While we know that the All-Star Game is a popularity contest, there’s no way that Freddie Freeman should be starting over Max Muncy. There have been only a few brief stretches this season in which Freeman has performed at his optimal level.
Granted, pickings are a little slim at first base in the NL this year. But C.J. Cron has had a nice year and San Francisco’s Brandon Belt would be more deserving than Freeman if he hadn’t missed time due to injury.
If nothing else, Muncy should be starting and Freeman should be the backup.
Is Mike Zunino really the top choice on the Rays? In fairness, it’s not been a good year for catchers in the AL outside of Salvador. To his credit, Zunino has smashed 18 home runs this season. But the guy is also hitting .200. How does that qualify him as an All-Star?
Even Gary Sanchez has a better average than that. Oakland’s Sean Murphy wouldn’t have been a bad choice either. Also, Eric Haase could have been Detroit’s token selection rather than settling for Zunino, who could easily be hitting below the Mendoza Line at the break.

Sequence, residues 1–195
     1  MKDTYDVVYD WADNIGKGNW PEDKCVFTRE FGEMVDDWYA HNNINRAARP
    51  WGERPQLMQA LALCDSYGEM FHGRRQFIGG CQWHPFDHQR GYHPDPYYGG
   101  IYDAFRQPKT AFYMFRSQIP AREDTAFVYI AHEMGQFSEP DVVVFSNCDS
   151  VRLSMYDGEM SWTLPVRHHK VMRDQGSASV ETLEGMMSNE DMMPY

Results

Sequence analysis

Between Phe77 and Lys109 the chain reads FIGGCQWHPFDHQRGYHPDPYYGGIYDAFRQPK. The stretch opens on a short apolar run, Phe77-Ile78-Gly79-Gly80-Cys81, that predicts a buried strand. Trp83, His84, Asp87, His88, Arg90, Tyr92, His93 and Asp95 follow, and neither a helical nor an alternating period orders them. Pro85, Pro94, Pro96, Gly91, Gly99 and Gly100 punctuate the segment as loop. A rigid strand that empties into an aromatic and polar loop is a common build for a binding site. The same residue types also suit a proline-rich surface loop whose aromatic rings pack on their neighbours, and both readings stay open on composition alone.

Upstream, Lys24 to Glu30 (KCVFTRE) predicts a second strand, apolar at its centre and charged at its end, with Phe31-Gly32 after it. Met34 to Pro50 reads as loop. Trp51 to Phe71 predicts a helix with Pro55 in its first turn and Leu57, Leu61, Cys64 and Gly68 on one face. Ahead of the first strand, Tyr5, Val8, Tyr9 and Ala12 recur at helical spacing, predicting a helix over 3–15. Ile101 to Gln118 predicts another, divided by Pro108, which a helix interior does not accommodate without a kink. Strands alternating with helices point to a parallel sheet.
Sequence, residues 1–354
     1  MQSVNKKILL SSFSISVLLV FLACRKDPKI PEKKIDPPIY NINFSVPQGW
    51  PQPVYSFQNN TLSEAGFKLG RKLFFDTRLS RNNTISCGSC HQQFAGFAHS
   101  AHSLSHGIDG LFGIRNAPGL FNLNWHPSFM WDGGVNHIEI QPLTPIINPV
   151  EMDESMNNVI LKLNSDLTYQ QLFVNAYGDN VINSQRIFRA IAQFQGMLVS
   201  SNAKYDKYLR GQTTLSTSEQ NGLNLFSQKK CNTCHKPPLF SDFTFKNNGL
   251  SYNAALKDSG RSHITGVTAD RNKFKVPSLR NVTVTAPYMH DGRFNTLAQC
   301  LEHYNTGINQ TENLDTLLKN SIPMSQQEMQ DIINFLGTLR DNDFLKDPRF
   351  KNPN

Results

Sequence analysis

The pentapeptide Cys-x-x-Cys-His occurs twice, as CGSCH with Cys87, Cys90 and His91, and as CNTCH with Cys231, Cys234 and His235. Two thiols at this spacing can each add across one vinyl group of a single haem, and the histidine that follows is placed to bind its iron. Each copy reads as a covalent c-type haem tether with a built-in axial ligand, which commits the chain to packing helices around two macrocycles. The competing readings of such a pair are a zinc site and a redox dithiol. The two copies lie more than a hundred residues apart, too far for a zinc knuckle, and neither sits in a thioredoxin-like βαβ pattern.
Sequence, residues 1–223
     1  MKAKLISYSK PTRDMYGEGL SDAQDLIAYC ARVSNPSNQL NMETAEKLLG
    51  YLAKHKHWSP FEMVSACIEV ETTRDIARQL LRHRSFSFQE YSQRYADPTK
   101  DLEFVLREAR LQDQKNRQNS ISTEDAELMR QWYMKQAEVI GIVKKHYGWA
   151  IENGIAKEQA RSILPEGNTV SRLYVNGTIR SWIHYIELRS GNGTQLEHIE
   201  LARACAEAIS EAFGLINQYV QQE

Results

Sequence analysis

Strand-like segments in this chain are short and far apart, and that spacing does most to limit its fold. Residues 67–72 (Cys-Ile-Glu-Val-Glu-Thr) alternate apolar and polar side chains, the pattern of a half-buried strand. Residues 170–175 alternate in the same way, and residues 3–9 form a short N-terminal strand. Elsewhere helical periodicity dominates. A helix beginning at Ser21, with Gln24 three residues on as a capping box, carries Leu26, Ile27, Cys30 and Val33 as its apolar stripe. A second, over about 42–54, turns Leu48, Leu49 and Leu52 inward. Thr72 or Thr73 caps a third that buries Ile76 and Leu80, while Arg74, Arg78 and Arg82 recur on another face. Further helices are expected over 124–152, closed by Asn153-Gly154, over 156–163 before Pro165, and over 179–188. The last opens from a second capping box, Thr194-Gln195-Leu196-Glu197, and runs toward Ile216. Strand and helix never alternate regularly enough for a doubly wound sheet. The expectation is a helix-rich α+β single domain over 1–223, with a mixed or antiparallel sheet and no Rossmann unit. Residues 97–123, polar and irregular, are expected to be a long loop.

Technically, J.T. Realmuto has the best skillset of any catcher in the game. But the numbers just haven’t been there for him this year.
Realmuto had a strong April, but it’s been all downhill since then. This is an unfortunate case of his reputation being better than his production. Buster Posey got the nod as the starter, which is well-deserved. But the Dodgers' Will Smith, Brewers' Omar Narvaez, and the Cubs' Willson Contreras should have been picked over Realmuto. The same is true of Arizona’s Carson Kelly before he got hurt in June.
While Yusei Kikuchi has had a nice season, it straddles the line between a really good player and an All-Star. He’s mostly on the team because the Mariners needed a representative. However, Mitch Haniger would have been the better pick for Seattle’s token All-Star.
Instead of Kikuchi, one could argue that Sean Manaea and Chris Bassitt or Toronto’s Robbie Ray are all more deserving of the spot.
This is another case of reputation being more valuable than production.